Widening Char Dham road: Can we ignore defence needs for environment, asks SC

Underlining its “predicament” while alluding to incursions by China on the Line of Actual Control, the Supreme Court Tuesday asked if it can “override defence needs” on environmental grounds.

With the Centre pushing for increasing the width of the Char Dham road in Uttarakhand to allow the Army quicker access to areas along the boundary with China, Justice D Y Chandrachud, heading a three-judge bench, referred to “recent events” and said: “We cannot deny the fact that at such a height, the security of the nation is at stake. Can the highest constitutional court say that we will override defence needs particularly in the face of recent events? Can we say that environment will triumph over the defence of the nation? Or we say that defence concerns be taken care of so that environmental degradation does not take place?”

The bench, also comprising Justices Surya Kant and Vikram Nath, posed these questions to Senior Advocate Colin Gonsalves who was representing Citizens for Green Doon. The NGO has challenged the Stage-I forest and wildlife clearance granted for improvement and expansion of roads by felling trees.

Appearing for the Centre, Attorney General K K Venugopal referred to the September 8, 2020 decision of the Supreme Court asking the Ministry of Road Transport and Highways (MoRTH) to stick to its 2018 circular fixing 5.5-metre width for roads in hilly terrain in the execution of the Char Dham road project.

He said the Army wanted 10-metre width for the roads. There are multiple projects along the stretch leading to international borders which, he said, are needed for movement of personnel and machinery.

“There is a need for armed forces vehicles, rocket launchers etc to travel on these roads and all this was not taken into account. Army was ignored in this matter and they need to be presented here before the court,” he said.

Gonsalves, however, contended that the road widening was only to facilitate the Char Dham Yatra conceived in 2016 so that SUVs can race up and down the mountains. He said pilgrims travelled on foot earlier, but it was felt that it was not good enough and, hence, highways and helipads were required.

“This will come at a terrible cost and this needs to be weighed in,” he said. The experts, he said, were of the opinion that such vehicle movements were impacting glaciers, resulting in catastrophes.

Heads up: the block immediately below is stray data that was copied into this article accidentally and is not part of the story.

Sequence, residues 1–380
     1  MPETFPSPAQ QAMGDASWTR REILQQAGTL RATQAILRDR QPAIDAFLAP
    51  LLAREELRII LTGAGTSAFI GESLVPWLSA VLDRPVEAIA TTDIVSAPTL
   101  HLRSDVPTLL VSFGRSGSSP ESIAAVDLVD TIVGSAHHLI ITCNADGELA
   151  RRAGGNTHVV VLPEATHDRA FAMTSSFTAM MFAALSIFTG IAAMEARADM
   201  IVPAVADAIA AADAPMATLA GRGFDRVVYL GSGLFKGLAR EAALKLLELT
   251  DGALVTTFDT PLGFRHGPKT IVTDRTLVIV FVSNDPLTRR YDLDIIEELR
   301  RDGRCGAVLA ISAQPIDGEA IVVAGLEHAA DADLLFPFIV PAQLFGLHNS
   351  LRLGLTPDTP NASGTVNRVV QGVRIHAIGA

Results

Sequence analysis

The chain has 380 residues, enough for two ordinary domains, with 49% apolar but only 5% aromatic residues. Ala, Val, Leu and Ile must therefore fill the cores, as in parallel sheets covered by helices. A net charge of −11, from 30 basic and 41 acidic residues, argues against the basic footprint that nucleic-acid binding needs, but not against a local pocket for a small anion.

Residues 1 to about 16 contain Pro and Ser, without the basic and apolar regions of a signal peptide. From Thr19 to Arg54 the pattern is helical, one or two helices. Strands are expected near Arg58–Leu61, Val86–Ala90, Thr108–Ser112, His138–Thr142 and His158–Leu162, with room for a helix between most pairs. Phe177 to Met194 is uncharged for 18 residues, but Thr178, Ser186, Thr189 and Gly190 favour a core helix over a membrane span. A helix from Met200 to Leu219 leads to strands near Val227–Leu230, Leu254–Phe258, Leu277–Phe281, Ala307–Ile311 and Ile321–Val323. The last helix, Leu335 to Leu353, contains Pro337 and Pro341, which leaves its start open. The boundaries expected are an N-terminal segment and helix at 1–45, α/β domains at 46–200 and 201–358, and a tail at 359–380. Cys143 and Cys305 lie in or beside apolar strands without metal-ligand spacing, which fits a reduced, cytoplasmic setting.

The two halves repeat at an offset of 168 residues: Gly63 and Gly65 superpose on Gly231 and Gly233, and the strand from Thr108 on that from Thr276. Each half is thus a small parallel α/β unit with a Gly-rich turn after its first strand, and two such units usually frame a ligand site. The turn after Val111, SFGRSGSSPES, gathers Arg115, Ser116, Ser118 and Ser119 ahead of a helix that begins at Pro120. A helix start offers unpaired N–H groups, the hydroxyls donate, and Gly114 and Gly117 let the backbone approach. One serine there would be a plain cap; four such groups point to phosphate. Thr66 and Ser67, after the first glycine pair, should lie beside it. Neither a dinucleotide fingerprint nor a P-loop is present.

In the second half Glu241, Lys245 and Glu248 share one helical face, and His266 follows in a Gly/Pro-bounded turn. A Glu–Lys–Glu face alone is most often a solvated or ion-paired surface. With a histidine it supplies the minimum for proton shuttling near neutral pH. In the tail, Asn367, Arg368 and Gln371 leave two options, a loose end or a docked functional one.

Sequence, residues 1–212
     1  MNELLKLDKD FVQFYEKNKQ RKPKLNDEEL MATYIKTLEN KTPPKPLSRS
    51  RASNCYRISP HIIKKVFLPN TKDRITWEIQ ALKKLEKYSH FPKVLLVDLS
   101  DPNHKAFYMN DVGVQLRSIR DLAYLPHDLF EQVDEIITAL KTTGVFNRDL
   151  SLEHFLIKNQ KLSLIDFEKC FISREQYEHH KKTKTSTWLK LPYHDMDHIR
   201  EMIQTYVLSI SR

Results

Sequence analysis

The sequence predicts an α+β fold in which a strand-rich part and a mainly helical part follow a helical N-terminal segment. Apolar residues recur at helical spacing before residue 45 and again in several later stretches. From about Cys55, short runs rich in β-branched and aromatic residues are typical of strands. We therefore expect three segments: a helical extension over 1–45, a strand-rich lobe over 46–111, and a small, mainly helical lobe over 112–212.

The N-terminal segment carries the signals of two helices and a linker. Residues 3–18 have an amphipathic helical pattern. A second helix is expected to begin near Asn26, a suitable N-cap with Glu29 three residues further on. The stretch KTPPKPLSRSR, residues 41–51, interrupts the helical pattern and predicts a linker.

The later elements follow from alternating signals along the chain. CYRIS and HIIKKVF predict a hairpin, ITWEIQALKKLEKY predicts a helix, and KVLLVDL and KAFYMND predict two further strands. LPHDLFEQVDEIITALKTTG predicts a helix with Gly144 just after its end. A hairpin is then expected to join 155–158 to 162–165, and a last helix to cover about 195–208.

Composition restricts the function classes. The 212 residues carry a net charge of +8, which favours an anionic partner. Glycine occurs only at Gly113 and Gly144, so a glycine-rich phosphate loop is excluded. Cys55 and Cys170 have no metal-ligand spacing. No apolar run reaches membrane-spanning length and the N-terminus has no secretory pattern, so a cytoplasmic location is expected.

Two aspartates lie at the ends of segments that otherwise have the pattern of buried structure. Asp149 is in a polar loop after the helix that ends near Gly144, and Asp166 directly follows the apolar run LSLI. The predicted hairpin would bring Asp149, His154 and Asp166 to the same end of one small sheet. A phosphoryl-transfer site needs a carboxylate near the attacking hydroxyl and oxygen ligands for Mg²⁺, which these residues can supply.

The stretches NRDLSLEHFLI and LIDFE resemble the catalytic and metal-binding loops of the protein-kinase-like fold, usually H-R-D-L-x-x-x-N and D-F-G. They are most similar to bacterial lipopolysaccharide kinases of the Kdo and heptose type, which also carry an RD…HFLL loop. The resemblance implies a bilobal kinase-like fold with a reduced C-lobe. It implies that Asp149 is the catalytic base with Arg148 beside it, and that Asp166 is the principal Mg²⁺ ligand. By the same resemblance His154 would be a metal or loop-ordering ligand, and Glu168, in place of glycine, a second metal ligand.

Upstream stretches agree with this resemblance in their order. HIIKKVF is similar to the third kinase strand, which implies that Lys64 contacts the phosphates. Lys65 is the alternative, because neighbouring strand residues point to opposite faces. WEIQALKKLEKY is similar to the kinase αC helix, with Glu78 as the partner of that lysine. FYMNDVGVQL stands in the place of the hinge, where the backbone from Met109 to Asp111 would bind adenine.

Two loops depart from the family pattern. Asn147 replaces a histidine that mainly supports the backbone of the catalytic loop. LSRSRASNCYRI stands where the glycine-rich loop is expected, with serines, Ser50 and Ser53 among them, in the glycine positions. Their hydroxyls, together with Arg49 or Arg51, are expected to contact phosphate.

Gonsalves contended that the Army was happy with existing roads but was only following the dictates of the political establishment.

“Defence ministry’s stand and our stand is almost the same and that is why we call them a reluctant participant in this issue,” he said.

The bench said while travelling from Leh to Kargil to Zanskar, if an Army vehicle and civilian vehicle coming from two directions meet at one point, the descending vehicle is at greater danger of falling down and “so we cannot say that this need can be ignored. We agree that Himalayas are young mountains… but can the need highlighted be disregarded”.

Gonsalves sought to point out environmental hazards due to developmental projects being carried out in the mountains.

“Around 17 hydroelectric projects went bumper-to-bumper in the Himalayas and now we are facing an issue. In 2013, there was a cloudburst… The court took cognizance of this and stayed 24 projects on recommendation of the High Powered Committee,” he said. In 2021, there was glacier melt and an avalanche because of black carbon, he said.

He also contended that Ladakh may not be a correct example as there is a difference between the Himalayan terrain and the Ladakh terrain.

The bench said “in security parameters, you cannot deny that the border areas they share is similar”. It wondered if courts should have a more nuanced approach in such matters. “We realise the glacier melt aspect but it’s also happening due to other rampant developmental projects… Can we say that environment will triumph over the defence of the nation? Or we say that defence concerns be taken care of so that environmental degradation does not take place?”.

“We must tell you our predicament in this… if the Centre says they are doing it for tourism, then we understand and we can impose more stringent conditions. But when it is needed to defend the borders, then it is a serious predicament the court has to encounter in cases like this,” the bench said.

The project meant to widen 889 km of hill roads to provide all-weather connectivity between major pilgrimage sites in Uttarakhand has led to a heated debate with members of a Supreme Court-appointed High Powered Committee divided on the width of the road.
While the majority favoured increasing the width to 12 metre, the minority, including the committee chairman, backed 5.5 m for the carriageway and additional paved shoulder — taking the total width to about 7 to 7.5 metre — for use by pedestrians/pilgrims who take the trek to the holy sites.

Gonsalves claimed the interim report of the HPC, dated March 2020, was unanimous and there was some change only when the political directive came. “The chapters are well written… they did a somersault and it was because of political influence,” he contended.

The hearing remained inconclusive and will resume Wednesday.

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